“The Supreme Court is deciding a gerrymandering case. Here’s the social science that the justices need to know.”

Chris Warshaw for Monkey Cage:

There are several ways to measure partisan advantage in a districting plan, including the efficiency gappartisan symmetrydeclination and the mean-median difference. These metrics all capture distortions in the vote-seat relationship. In a recent work, Nicholas Stephanopoulos and I averaged these measures to estimate the partisan bias in each state’s districting process — that is, whether these distortions advantaged one party. The graph below draws on data from all congressional elections from 1972 to 2018 in states with more than six congressional seats.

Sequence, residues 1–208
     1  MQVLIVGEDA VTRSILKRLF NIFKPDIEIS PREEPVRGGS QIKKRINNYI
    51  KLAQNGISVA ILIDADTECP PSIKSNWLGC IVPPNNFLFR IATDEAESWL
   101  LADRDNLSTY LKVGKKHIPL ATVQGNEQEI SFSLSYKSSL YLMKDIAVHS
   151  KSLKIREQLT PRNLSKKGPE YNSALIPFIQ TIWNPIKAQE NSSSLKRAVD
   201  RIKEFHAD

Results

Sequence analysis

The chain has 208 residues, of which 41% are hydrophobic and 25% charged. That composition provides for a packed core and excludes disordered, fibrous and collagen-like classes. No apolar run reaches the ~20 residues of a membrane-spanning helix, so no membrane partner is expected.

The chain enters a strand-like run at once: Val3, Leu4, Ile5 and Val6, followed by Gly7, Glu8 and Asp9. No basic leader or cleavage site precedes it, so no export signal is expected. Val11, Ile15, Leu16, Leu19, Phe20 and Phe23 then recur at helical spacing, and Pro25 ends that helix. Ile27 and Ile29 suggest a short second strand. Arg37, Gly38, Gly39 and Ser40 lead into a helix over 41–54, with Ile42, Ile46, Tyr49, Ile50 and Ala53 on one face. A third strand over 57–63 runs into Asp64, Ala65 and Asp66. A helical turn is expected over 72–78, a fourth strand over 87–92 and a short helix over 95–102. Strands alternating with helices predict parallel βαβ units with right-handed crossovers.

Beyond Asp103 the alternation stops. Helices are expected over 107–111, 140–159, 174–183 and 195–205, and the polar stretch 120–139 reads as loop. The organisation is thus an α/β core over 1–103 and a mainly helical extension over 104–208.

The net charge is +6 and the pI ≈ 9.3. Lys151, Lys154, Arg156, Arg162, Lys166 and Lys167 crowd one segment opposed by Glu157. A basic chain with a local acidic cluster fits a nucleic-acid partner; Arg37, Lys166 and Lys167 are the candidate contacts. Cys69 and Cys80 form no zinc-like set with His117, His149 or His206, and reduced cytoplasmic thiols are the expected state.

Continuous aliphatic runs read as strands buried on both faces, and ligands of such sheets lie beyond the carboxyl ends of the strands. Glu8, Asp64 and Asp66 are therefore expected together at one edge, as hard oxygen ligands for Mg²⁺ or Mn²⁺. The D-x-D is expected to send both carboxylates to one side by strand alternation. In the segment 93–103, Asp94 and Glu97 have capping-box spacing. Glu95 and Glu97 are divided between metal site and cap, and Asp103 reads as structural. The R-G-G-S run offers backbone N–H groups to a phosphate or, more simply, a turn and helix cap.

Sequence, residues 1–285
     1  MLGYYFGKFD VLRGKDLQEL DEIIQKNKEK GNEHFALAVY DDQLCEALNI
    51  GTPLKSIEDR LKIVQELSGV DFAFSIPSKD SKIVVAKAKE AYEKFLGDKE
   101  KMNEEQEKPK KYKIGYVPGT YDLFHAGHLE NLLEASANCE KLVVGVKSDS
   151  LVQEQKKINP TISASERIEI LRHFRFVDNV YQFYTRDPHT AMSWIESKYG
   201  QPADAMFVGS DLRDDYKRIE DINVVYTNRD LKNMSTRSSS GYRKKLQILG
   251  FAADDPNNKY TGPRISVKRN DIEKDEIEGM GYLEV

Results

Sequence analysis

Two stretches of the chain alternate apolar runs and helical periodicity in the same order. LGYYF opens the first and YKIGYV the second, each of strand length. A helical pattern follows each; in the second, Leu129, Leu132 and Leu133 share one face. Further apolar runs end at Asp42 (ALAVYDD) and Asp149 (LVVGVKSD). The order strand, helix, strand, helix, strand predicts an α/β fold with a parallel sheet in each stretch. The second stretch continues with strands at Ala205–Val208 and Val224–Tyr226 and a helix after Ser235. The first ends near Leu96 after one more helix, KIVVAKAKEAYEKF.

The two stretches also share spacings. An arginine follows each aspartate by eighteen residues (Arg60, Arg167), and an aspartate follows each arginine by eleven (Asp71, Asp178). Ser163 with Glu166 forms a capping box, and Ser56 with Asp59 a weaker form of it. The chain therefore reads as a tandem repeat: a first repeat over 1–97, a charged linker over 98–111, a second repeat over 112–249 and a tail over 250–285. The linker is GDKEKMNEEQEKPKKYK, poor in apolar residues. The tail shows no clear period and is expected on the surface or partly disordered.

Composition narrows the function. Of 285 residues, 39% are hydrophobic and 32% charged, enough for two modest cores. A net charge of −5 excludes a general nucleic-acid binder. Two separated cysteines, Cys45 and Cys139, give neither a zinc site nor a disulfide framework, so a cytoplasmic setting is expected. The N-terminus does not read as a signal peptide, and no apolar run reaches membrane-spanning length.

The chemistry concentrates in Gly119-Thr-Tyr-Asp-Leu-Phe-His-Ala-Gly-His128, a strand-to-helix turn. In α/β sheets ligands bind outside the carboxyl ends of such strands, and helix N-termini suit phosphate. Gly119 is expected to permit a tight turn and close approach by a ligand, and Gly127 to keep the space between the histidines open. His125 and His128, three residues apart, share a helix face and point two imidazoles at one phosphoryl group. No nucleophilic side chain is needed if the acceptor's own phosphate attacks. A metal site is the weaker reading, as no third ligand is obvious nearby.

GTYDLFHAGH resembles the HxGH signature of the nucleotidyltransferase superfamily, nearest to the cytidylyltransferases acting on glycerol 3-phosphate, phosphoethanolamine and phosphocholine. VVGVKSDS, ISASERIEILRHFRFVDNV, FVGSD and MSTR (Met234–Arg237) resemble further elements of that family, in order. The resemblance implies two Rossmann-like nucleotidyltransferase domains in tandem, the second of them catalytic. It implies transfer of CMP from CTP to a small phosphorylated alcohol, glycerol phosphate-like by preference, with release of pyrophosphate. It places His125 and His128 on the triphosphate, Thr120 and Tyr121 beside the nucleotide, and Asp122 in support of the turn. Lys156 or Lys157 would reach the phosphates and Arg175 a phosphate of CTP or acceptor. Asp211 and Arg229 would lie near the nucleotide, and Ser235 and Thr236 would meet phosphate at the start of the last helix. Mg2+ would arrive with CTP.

The graph shows just why partisan gerrymandering has become so controversial: the states that have produced litigation really do have historically high levels of partisan bias in their congressional maps. Michigan, Ohio, Pennsylvania and North Carolina have some of the largest pro-Republican biases in the past 40-plus years, and Maryland has a large pro-Democratic bias. For instance, Ohio’s congressional map had a higher level of pro-Republican bias in 2012 than 99.5 percent of previous congressional maps.


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